What Will Be the Next Bitcoin?
In case you missed it, 2017 was the Year of Bitcoin, a cryptocurrency whose market value approached that of McDonald’s by December. Bitcoin is one of thousands of cryptocurrencies on the market today, most of which use a technology called “blockchain”—a giant database or ledger that allows users to make and receive payments and to store money anonymously without an intermediary. All transactions on the blockchain are encrypted; they cannot be altered or erased without leaving a record, so this makes it virtually hack-proof. Supporters believe that cryptocurrencies are the future of money.
2018 has started out rough for Bitcoin and its crypto competitors, but industry experts nonetheless predict that the cryptocurrency market may be worth $10 trillion within the next ten years. That’s a lot of hash power—and cash for early investors that pick the right horse/coin.
But before you get your blockchains in a row, consider that, as with the nascent days of the internet, there will be a few big winners and plenty of losers. Like Facebook and Google, companies who score the dominant protocol will benefit enormously.
Is Bitcoin on Its Way Out?
Though it’s easily the most recognizable cryptocurrency on the market today, Bitcoin is not without its faults. The high costs of mining the coins, which requires specialized software, sucks up electricity. This is driving the centralization of the mining process to China— which defeats the idea of a decentralized global system or “world computer.” Canada, with our cold climate and relatively cheap electricity is becoming another mining hub.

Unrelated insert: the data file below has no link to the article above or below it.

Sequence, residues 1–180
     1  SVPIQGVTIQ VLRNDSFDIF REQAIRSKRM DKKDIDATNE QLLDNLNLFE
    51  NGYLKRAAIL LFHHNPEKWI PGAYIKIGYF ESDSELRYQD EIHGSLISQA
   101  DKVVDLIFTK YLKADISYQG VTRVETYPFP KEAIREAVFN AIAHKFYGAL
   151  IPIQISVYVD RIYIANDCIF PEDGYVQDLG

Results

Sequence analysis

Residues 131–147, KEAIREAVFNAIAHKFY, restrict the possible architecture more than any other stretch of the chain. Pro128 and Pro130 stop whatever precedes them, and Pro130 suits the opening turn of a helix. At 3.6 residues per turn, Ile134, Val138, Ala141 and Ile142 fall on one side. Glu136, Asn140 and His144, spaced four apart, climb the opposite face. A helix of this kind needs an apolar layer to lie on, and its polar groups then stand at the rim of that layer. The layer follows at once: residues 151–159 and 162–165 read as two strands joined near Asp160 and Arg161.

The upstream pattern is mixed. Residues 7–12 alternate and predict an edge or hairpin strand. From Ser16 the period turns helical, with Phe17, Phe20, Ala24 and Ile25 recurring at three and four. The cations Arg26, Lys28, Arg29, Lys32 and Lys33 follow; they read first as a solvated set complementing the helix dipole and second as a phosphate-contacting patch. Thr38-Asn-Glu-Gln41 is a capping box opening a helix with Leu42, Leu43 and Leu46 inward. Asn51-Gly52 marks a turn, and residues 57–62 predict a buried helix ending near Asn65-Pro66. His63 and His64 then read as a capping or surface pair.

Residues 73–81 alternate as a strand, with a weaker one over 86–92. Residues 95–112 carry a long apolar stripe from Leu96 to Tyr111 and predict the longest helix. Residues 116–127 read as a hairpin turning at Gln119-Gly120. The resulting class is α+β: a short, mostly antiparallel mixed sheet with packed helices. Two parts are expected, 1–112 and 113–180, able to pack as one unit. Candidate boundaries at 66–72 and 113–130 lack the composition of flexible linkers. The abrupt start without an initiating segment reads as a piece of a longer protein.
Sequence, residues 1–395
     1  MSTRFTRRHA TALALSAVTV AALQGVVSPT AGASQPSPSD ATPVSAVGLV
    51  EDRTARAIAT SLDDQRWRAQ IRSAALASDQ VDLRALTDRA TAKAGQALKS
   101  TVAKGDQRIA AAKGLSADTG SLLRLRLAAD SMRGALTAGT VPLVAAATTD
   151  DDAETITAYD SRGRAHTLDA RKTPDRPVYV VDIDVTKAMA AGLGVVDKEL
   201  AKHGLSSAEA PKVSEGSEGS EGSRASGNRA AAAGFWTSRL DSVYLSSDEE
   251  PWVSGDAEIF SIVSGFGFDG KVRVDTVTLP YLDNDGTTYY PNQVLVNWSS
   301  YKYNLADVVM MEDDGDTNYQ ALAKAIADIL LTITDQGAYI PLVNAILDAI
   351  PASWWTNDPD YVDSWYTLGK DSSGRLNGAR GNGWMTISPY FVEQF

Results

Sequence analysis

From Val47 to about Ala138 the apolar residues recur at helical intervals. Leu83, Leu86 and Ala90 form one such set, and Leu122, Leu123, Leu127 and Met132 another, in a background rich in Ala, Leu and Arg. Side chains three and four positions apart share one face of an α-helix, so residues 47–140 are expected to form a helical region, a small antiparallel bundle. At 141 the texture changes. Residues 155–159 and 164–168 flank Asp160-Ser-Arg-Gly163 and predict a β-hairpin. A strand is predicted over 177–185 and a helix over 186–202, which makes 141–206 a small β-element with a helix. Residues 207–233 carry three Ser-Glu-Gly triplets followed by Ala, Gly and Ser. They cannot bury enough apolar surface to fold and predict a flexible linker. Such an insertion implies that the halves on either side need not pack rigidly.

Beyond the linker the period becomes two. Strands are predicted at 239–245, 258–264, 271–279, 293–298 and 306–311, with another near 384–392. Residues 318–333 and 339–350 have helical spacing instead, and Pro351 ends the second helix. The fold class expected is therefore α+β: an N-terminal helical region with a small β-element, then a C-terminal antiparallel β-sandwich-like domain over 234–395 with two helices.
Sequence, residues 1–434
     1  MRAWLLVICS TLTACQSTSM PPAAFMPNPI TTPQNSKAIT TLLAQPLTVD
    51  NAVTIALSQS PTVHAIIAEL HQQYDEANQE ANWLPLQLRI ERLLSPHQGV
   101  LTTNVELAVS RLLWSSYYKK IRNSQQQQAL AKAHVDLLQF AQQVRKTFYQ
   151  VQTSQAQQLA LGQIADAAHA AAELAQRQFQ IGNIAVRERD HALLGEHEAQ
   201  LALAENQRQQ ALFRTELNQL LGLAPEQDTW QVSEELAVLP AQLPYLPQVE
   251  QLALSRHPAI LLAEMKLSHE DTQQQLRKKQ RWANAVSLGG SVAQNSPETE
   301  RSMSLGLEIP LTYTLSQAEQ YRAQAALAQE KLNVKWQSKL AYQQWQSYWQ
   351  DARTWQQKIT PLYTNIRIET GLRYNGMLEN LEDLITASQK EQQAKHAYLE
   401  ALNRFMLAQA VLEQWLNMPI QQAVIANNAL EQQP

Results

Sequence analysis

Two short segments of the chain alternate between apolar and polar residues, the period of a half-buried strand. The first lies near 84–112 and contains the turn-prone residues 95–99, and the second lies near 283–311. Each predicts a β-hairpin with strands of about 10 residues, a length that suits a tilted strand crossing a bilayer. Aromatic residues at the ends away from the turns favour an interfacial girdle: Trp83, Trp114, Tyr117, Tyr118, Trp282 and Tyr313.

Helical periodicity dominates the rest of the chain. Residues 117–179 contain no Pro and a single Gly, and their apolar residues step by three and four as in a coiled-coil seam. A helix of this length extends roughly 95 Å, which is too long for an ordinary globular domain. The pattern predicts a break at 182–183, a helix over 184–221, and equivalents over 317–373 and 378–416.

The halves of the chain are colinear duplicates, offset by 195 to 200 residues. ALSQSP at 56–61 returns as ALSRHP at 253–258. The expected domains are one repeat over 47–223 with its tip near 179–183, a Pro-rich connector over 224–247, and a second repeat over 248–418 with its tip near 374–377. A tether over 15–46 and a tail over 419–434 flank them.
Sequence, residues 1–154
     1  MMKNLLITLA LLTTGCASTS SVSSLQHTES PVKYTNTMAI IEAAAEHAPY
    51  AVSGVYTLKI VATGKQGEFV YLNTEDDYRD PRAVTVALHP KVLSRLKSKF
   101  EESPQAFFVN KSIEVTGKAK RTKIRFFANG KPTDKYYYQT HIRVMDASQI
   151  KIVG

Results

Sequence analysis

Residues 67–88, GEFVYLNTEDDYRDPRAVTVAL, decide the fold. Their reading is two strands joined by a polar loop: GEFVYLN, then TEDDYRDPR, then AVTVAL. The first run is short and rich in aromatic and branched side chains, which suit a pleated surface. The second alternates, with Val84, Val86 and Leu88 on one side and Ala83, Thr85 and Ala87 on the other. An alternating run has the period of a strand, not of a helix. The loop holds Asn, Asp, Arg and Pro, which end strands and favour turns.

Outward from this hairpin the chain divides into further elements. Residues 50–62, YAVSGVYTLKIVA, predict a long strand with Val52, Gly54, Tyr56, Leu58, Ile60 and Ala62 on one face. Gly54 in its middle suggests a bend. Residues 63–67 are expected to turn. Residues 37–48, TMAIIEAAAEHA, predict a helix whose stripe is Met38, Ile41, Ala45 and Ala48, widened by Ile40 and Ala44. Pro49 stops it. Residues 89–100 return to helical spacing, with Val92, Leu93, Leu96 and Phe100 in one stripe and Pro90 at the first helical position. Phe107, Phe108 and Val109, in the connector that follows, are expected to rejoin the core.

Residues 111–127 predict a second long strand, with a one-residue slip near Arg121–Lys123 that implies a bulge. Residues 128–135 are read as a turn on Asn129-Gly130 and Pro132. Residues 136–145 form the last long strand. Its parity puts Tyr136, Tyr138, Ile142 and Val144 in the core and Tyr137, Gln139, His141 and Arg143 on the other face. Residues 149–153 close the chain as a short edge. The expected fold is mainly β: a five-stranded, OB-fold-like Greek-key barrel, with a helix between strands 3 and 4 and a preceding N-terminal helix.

There are only 21 million mineable Bitcoins, and this amount will be fully mined by 2140. As the prices of Bitcoins rise, investors are tempted to use them as a store of ever-increasing value, instead of as a means of exchange. Hoarding chokes liquidity, which is never a good thing for a currency. When a payment network becomes sluggish, no one wants to spend or invest. This then leads to deflation and a shrinking economy.
Scalability is another concern. Currently, it takes ten minutes to confirm a Bitcoin transaction on the blockchain, so you can forget about using the coin to grab a quick macchiato. Bitcoin Cash, a fork or “chain split” now allows for faster transaction times, but also has created warring factions within the Bitcoin ecosystem.
These perceived weaknesses have encouraged a number of other cryptocurrencies to jump in the game.
Cryptocurrencies to Watch in 2018
The ICO (Initial Coin Offering) market is a $650 billion market overrun by a Wild West of cryptocurrencies with a slew of new entrants like Dentacoin for, you guessed it, paying dentists, as well as Kodakcoin and Potcoin. Out of the 1,000 cryptocurrencies available about 100 are actively traded on exchanges and about 25 have viable economic prospects.